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talk to her. we're going to get her out there so she can get through everybody and sign books until midnight tonight. join me in thanks tracy walder. >> thank you. first ladies, influence and image on american history tv examines the private lives and public roles of the nation's first ladies through interviews with top historians. tonight we look at edith roosevelt and helen taft. edith roosevelt along with her husband became the first president and first lady it to travel abroad while in office, when they made a trip to panama. helen taft was the first first lady to ride with the president in the inaugural parade. watch first ladies, influence and image tonight at 8:00 p.m. eastern on american history tv on c-span 3.
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every saturday night american history tv takes you to college classrooms around the country for lectures in history. >> why do you all know who lizze bourden is. >> the deepest cause where we'll find the true meaning of the revolution was in this transformation that took place in the minds of the american people. >> and so we're going to talk about both of these sides of the story here, right, the tools, the techniques of slave owner power, and we'll also talk about the tools and techniques of power that were practiced by enslaved people. >> watch history professors lead discussions with their students on topics ranging from the american revolution to september 11th. lectures in history on c-span 3, every saturday at 8:00 p.m. eastern on american history tv. and lectures in history is available as a podcast. find it where you listen to podcasts.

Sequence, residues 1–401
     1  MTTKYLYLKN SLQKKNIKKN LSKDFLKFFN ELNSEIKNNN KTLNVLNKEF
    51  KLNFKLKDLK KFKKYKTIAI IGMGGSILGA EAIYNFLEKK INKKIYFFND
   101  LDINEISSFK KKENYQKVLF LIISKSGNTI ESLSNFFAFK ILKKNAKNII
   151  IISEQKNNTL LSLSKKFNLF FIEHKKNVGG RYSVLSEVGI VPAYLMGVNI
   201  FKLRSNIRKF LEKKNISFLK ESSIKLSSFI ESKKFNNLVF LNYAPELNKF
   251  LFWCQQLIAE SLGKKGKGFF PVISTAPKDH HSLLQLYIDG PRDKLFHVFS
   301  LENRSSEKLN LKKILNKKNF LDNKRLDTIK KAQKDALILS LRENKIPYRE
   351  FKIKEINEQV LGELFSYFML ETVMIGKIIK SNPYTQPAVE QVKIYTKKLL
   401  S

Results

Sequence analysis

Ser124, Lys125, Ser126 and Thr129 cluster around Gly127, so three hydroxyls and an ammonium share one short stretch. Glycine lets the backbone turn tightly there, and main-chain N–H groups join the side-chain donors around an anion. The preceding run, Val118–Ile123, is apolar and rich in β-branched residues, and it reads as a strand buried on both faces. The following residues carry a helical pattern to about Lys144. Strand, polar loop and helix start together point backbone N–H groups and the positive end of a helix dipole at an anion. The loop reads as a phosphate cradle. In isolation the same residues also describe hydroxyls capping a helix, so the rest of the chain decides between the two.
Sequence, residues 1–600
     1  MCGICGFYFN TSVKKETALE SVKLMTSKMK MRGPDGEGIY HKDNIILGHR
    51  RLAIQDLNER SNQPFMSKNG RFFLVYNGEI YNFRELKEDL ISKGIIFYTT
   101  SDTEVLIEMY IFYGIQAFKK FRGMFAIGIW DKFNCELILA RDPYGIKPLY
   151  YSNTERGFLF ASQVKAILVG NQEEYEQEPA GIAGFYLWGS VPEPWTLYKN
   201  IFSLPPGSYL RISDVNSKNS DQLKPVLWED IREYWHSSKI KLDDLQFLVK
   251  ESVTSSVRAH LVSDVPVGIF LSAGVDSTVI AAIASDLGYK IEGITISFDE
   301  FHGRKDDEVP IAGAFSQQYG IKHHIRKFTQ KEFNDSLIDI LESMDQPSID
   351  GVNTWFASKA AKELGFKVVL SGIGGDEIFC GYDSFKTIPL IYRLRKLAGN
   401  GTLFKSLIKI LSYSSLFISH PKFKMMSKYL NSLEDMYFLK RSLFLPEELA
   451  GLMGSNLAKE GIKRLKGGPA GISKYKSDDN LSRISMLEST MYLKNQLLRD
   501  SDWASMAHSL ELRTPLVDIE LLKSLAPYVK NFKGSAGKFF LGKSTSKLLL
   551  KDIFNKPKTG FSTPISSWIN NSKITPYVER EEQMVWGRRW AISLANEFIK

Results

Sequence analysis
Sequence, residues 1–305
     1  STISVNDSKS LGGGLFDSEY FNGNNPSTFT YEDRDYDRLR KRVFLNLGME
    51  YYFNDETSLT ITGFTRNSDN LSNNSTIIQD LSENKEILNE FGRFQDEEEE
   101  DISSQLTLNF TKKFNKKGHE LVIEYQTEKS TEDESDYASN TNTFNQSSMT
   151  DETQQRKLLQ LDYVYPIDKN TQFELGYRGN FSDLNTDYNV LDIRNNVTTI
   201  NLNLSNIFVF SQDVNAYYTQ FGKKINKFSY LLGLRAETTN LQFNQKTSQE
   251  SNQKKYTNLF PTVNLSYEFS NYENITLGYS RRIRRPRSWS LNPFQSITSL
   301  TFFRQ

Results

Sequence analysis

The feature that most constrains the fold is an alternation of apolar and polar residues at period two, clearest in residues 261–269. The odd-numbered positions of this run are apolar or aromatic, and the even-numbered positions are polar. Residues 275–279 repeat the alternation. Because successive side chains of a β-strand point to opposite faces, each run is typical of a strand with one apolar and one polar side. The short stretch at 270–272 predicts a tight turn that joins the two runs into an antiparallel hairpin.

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>> the senate health committee holds a hearing tuesday to get an update on the coronavirus response and plans to reopen the u.s. economy. witnesses include white house coronavirus task force members dr. stephen hahn, dr. anthony fauci, and dr. robert redfield. live coverage begins at 10 eastern on c-span 3. online at or listen live on the free c-span radio app. >> each week american art facts take viewers into archives, museums, and historic sights across the country. we visit the international spy museum in washington, d.c. to tour their exhibit on cold war berlin. our guide is lead cure rator als albin. >> hello, i'm dr. alexis albion, and i'm a